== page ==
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Learning from experience – FutureLearn’s first second runs

Matthew Shorter, Acting Head of content at FutureLearn, talks about the first of the second runs of courses on FutureLearn and discusses what it has been like to work with partners.

This week marks an unusual sort of first for FutureLearn: our first second. It is the opening week of a second run of a free, online FutureLearn course, Web science from the University of Southampton. Later this month, we will also see second runs beginning for UEA’s The secret power of brands and the University of Reading’s Begin programming: build your first mobile game.

All three of these partners were brave enough to be among our first eight courses to run on FutureLearn before Christmas last year. They were therefore part of a very public experiment and gesture of trust in the ability of our platform and our team to handle the challenge of opening up to thousands of learners in real time. As exciting as it is to see all the content taking shape and then being delivered through FutureLearn, it can be tantalising to realise that there are simply not the hours in the day to take a full part in all the courses.

As we venture into the next phase of the FutureLearn journey the first runs of these courses, as well as the other five which started last year, have given us enough meaningful data to provide some clear insights into delivering social learning at scale. You can read more about this on our blog.

Having taken part as a learner in the first run of Web science, I can very confidently testify to the quality of the course. We’ve discussed with all of our partners planning second runs what we learned from first runs: data about learner activity, survey results and comparing notes on how we all dealt with the feedback we were receiving in real time both directly and through comments on the website. So I know that this run is going to be even better as a result, and the same is true for the others. Building and strengthening the feedback loop between what we learn and how we change our platform and content to suit is central to our vision for FutureLearn, and one of the ways in which the presence of massive numbers of learners can be a distinct advantage.

That said, the feedback that we’ve had for these courses even in their first iteration has been very positive. Feedback we’ve read on Facebook and in interviews includes:

Web science: “This is a really good course. There’s loads more to the web than we see/experience. Made me think & change a few things- good stuff!”

The secret power of brands: “This was my first MOOC last year, and it was fantastic! For me it has set the standard that other online courses need to meet.”

Begin programming: “It’s great and we’re already starting to come up with our own game ideas. I have been surprised how effective it is to learn online.”

On a personal note, I hope I speak for my university colleagues in Southampton, UEA and Reading when I say that it has been a brilliant experience to work together. Each of these partners has in their own distinct way been a vocal and constructive participant in the decisions we have made in FutureLearn from the first time we all came together for our first workshop about a year ago. The atmosphere of creative collaboration that has taken hold right across the FutureLearn partnership has been one of the real pleasures of this job, with a real sense that we are all exploring relatively unknown territory together, each bringing our piece of the puzzle, whether that is experience in media, technology, business, design or as theorists and practitioners of distance learning.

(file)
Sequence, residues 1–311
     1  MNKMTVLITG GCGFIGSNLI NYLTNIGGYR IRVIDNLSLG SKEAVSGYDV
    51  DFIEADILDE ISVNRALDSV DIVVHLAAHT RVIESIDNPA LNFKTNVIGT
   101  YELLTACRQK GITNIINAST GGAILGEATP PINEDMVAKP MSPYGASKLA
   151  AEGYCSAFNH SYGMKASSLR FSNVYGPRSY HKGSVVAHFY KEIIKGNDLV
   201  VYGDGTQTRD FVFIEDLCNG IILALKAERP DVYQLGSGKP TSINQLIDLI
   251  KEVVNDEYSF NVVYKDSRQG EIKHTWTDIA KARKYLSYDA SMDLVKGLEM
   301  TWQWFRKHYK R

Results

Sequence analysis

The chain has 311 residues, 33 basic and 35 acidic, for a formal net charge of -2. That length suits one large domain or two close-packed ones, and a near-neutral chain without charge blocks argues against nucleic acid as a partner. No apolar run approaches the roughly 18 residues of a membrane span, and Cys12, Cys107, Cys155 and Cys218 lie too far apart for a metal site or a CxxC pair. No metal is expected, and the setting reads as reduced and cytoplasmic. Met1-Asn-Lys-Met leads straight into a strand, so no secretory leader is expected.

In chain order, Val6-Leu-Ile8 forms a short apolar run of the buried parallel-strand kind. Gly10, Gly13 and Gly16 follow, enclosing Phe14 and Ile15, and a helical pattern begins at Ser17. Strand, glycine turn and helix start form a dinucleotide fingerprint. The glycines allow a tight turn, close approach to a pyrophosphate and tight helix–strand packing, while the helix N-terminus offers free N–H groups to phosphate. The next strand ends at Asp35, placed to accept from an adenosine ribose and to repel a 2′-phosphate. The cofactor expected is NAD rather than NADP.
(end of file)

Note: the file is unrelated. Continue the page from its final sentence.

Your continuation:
I should also give special mention to UEA, who not only stuck their necks out in offering the first course to go live on our public beta, but also took part in private testing of the platform last summer (alongside the The Open University), offering real course material to real users. We invited several hundred friends, contacts and alumni of The Open University to take part in a closed alpha trial of the platform, starting as we meant to continue, by gathering data from real-world use. Looking back, I can’t imagine now how we could have managed without this testing. It enabled us to learn on numerous fronts – everything from internal workflow and communications, through platform functionality, handling user feedback and on to course content.

Reading, for their part, found another source of additional data that has helped them reshape their course for the second run, in working with a group of students and their teachers from Ousedale School in Newport Pagnell and Olney in the UK. The students and their teachers took part in the first run of Reading’s course on programming as an enrichment activity. After reading about their experience on the FutureLearn blog, the MOOC team at the University of Reading invited the students in to share feedback and experience a taste of university life.

Although it has not always been an easy ride, I’d like to think that our partners have been rewarded for their audacity in being such early adopters. Certainly looking at the courses now, it’s fascinating and gratifying to see how they have evolved through these iterations.

You can sign up here for:

Web science: how the web is changing the world (The University of Southampton)

The secret power of brands (The University of East Anglia)

Begin programming: build your first mobile game (The University of Reading)

Second runs are also starting in March, and open for enrolment now, for:

The mind is flat: the shocking shallowness of human psychology (The University of Warwick)

Fairness and nature: when worlds collide (University of Leeds)

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